I was a labor historian earlier in my career. Sadly, I hardly ever get to teach that subject anymore because the class never fills. However, the lessons that most of the best labor historians I read during graduate school described in their work have never left me. Indeed, they seem more relevant to my own life than ever before.
The late Yale historian David Montgomery published Workers’ Control in America all the way back in 1979. It’s a fairly short analysis of exactly how American industrial workers during the late-nineteenth century lost control of the shop floor. After technological change swept their various industries, they no longer had any influence over the production process. “[N]ew methods of industrial management undermined the very foundation of craftsmen’s functional autonomy,” Montgomery wrote on page 26.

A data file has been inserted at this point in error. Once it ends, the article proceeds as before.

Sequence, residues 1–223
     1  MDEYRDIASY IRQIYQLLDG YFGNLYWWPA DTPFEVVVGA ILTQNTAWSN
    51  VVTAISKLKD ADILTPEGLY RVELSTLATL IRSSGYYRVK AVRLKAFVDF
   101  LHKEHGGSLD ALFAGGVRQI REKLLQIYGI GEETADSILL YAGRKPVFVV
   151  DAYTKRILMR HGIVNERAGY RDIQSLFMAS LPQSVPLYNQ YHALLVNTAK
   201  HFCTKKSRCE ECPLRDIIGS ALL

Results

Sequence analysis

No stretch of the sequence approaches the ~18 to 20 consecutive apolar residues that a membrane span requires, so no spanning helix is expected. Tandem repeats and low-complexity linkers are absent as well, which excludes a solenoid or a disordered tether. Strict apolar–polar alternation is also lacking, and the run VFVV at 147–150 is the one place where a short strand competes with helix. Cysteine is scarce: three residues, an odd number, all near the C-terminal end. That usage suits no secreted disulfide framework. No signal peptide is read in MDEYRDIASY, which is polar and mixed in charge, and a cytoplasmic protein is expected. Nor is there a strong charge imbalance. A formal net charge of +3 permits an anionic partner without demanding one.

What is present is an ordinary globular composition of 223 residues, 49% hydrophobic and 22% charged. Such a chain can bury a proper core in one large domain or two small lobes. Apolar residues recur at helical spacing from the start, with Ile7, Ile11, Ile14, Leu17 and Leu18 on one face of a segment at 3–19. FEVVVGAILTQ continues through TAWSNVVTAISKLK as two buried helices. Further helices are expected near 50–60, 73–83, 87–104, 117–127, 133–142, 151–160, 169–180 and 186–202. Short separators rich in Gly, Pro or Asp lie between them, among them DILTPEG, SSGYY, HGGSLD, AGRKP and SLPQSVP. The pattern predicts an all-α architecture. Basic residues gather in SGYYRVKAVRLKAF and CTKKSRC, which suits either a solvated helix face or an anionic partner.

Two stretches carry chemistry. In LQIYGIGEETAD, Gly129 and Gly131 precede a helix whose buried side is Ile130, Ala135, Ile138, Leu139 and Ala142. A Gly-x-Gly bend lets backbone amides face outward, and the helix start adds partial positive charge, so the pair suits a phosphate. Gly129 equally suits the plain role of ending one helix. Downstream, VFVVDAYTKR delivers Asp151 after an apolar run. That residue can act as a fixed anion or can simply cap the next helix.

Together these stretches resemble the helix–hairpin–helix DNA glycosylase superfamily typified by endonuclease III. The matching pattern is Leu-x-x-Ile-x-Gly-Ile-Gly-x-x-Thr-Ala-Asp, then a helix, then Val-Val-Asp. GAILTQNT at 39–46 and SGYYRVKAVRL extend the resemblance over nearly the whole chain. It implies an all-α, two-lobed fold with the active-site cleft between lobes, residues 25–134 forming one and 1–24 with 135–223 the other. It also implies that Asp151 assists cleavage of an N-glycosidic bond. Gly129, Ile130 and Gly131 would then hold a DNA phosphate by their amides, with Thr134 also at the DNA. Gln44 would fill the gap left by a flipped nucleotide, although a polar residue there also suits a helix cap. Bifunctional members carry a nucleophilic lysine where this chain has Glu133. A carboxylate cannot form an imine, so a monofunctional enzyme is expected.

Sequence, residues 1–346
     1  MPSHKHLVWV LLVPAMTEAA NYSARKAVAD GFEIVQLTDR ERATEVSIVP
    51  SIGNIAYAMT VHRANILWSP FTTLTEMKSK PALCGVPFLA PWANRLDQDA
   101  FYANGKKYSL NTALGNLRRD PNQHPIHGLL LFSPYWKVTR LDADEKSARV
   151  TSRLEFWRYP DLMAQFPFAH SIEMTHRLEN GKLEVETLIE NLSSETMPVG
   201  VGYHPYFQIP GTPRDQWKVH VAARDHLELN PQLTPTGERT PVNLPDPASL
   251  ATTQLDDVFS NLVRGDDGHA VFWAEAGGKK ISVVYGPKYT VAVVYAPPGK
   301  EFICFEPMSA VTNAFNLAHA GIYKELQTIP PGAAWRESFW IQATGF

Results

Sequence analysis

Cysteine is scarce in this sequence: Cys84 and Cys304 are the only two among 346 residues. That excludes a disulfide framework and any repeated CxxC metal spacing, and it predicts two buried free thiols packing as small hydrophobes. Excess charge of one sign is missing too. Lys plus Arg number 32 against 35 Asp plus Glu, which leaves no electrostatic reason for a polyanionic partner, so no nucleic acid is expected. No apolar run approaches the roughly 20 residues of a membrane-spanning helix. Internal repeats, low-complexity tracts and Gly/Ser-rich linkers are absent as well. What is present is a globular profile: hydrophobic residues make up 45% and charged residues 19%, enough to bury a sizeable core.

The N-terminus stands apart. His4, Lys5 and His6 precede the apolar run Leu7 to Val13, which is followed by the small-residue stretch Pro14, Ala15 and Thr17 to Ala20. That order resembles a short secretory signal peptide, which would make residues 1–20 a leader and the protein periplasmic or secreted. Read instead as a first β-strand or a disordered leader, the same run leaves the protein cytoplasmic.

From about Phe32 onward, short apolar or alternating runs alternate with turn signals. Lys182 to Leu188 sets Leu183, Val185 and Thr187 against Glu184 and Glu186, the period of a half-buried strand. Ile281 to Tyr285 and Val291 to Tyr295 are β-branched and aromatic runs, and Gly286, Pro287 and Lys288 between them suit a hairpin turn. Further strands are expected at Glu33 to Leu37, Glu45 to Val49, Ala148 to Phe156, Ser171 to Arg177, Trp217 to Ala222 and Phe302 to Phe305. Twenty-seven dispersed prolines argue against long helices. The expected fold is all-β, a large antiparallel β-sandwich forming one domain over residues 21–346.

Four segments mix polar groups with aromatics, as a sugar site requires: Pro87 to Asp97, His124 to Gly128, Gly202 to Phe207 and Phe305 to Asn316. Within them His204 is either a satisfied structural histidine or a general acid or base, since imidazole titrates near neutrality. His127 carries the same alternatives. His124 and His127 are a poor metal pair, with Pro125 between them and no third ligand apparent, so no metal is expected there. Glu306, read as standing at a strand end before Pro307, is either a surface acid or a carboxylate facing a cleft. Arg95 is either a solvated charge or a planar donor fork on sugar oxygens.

“Coupled with systematic supervision and new forms of incentive payment it permitted what Frederick Winslow Taylor called ‘
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